Writing Comedy: My Process

Everyone writes differently. There are definitely no right or wrong ways to get words down on the page – there are certain standards and formats that you can use to your advantage, to present yourself as knowledgable and professional. The most important thing you can do is figure out what works for you – then stick to it. There’s no point in forcing yourself to write the way someone else does it, just because they do it that way. Try new ways to set up structure or pull out story, sure, but if it doesn’t work for you, don’t be afraid to say that it doesn’t work for you and go back to what you’ve always done.

I write comedy. It’s a bit of a beast, comedy, because there are so many different types. There’s romantic comedies, action comedies, balls out comedies, sitcoms, sketches, radio, television, film – it goes on and on and on. My style isn’t about having a huge belly laugh every minute, mine is about making people laugh with a touch of humanity – something to think about at the end.

As a result, my first drafts aren’t always so funny. I have to resist the urge to go back and tear everything apart in my early drafts – but this gets easier the more I write, as I know that I’ll probably tear it all apart in rewrites anyway. The first few drafts are all about getting the story right. The comedy comes later – there are always a handful of jokes in the early drafts but I’m more concerned about character arcs and plots instead of making people laugh. If jokes are there, it’s because they’ve happened naturally when I’ve written them.

The key thing I’ve found for me is to give myself permission for my work to not be bang on the first time around. It’s okay if it’s not perfect – that’s what multiple drafts are for. I can do a lot of work beforehand – outlines, scene by scene breakdowns – to make sure that the structure will do what it’s supposed to in the early drafts (and, I say ‘a lot of work’ but I know that I, personally, do less figuring out everything beforehand and let a lot of things happen on the page), but I need to remember that writing is a process, not a science. It’s part of the process to change, shape and mould things as you go along.

Another key thing I’ve learnt about myself as I write is that you have to trust yourself to be ruthless. You need to trust your instinct. Where does your script begin to soar? That’s most likely your strongest part. Where, when you re-read, do you feel like it’s still a bit of a slog? That’s likely a part that needs work. Don’t be afraid to acknowledge this. I find that looking back over my core idea for the scene and simplifying is a great way to cut extra weight. Likewise, getting out of scenes early and starting them late. The more scripts I read, the more I realise that this is really vital.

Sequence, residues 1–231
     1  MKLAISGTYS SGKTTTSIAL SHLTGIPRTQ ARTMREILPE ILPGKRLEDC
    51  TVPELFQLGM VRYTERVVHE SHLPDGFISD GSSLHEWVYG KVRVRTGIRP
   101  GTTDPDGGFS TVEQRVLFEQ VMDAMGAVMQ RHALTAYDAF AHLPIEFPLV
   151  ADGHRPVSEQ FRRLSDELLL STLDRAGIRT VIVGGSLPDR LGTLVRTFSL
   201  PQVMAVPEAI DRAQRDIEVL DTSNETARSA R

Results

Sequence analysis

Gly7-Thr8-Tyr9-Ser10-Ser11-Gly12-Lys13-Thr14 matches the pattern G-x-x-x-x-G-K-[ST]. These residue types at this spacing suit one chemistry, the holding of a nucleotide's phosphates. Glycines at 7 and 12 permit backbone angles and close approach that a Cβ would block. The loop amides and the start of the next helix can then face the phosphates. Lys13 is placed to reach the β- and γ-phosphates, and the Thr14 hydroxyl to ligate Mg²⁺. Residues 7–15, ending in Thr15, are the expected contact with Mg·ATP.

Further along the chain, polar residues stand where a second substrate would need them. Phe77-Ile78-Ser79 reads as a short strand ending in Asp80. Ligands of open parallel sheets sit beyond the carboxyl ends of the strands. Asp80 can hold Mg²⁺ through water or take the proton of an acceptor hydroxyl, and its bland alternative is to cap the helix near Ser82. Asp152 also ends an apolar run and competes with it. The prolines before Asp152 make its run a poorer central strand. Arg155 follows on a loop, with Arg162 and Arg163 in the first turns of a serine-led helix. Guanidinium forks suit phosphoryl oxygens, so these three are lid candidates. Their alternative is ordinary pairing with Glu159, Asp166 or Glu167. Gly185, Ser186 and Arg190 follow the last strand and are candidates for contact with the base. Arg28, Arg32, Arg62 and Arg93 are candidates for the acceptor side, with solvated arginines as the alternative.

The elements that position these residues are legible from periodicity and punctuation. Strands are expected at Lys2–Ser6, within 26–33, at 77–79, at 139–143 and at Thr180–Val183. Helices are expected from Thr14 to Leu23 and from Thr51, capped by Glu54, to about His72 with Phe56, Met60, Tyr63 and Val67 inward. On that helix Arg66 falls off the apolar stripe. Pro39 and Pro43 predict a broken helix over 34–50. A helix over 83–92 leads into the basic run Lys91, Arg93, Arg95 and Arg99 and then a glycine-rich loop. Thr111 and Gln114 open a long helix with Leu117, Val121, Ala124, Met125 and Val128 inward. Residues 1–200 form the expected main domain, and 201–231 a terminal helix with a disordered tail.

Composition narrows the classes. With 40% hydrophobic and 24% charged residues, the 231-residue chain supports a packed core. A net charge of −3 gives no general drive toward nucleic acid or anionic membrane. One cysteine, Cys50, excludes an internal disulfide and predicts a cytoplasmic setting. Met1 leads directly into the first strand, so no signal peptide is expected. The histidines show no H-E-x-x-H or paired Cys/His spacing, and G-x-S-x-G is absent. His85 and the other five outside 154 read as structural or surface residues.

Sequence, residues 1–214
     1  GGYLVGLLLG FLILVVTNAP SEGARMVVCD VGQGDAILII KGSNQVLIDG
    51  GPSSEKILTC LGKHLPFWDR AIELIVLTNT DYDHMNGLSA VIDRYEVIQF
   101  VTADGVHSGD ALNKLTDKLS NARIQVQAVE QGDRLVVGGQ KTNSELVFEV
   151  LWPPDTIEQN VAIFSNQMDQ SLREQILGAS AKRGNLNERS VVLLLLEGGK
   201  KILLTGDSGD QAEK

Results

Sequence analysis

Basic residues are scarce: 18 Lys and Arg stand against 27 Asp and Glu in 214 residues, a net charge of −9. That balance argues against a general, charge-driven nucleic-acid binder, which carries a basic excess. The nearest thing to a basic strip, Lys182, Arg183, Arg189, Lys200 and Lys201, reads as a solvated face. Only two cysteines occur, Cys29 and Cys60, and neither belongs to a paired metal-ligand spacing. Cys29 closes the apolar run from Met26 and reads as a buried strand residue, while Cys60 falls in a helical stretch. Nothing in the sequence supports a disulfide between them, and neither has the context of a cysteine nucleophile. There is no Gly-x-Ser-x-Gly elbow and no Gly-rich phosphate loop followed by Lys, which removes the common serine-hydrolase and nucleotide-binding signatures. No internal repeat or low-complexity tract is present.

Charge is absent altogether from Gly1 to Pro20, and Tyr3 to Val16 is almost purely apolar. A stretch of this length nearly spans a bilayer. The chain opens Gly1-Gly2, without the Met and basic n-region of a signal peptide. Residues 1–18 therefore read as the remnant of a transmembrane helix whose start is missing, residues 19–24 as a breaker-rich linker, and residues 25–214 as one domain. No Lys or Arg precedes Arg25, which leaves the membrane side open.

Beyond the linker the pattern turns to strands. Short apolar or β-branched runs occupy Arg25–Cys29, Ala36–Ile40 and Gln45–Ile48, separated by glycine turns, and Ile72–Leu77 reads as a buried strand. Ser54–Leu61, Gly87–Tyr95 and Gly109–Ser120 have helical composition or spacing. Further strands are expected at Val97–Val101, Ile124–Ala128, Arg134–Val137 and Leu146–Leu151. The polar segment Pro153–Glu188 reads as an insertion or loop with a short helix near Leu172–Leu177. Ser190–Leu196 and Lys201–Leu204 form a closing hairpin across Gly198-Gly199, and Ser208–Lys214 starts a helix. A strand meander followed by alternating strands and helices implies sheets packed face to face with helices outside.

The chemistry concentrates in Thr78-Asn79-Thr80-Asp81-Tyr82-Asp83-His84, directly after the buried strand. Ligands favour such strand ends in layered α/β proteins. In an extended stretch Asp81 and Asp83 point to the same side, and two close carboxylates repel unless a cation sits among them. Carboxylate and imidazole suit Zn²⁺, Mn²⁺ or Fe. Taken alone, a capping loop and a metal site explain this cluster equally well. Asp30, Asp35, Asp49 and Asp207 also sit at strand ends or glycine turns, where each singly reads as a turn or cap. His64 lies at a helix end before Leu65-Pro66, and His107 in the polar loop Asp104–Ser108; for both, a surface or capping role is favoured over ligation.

Once I’ve got the structure locked, the story strong, that’s when I start to do passes on the jokes. There will always be some in my early drafts – some I’ve worked out in an outline or a breakdown, some have happened on the page as I wrote. But they’re probably not the greatest jokes. Sometimes they are and they make me laugh like mad, so I’ll leave them in. Other times, they’re not working for the comedy as well as they should and so I analyse the scene, the character, the line and see what I can do to up the laughs and ramp up the hilarity.

I’m lucky in that I have a great co-writer who has a nose for comedy. That means that we can talk about scenes together and we’ll always end up throwing around new jokes, ideas, trying to keep the ball rolling until we hit the wall and then come up with a few more. Even on our individual projects, we work together in feedback on drafts, to try and bring the best out of the script.

Right now, I’m doing a first draft of our sitcom pilot. It’s been planned, written, torn apart, re-written. We’ve hit character problems, created new backstory, found new running jokes, developed new storylines. We’ve tried different structure formats to make the spine strong, started outlining and hit problems. Now, we’ve gotten to the point where we’ve an outline we feel good about and I’ve started the new first draft this week. And I just wanted to note this somewhere – that it’s okay for this draft not to be particularly hilarious; I trust Anton and I to enhance the comedy in later drafts. These early drafts are all about structure, story and character. Without those three, you’ve only got ink on a page or pixels on a computer screen. And that’s not all writing is. Writing is about emotion. Emotion comes out of characters you can relate to and a story you enjoy. And you can’t have either of those things without a solid story structure.

Right. Good little pep talk. Back to it.

Kill Your Babies

The phrase ‘kill your babies’ is one that often gets thrown around in writing and filmmaking. It basically means that you shouldn’t get too attached to your ideas because every once in awhile, you’ll have the best idea you’ve ever had in your life – your career, even – and you’ll want to keep it. But it doesn’t work for the story. And so, you’ll need to let it go, even though you’ll never come up with an idea that’s better.

That’s the theory anyway. Some people take it in different ways – some people say that once you’ve finished the first draft of your script your should go back and cut your best scene out entirely. Or cut your best idea. Your best line of dialogue. I never really understood that way of thinking – surely you would keep developing your ideas so that they matched your very best one, not cut your best one to match the calibre of the rest? But everyone writes differently, so if that’s what works for you as a writer, then knock yourself out.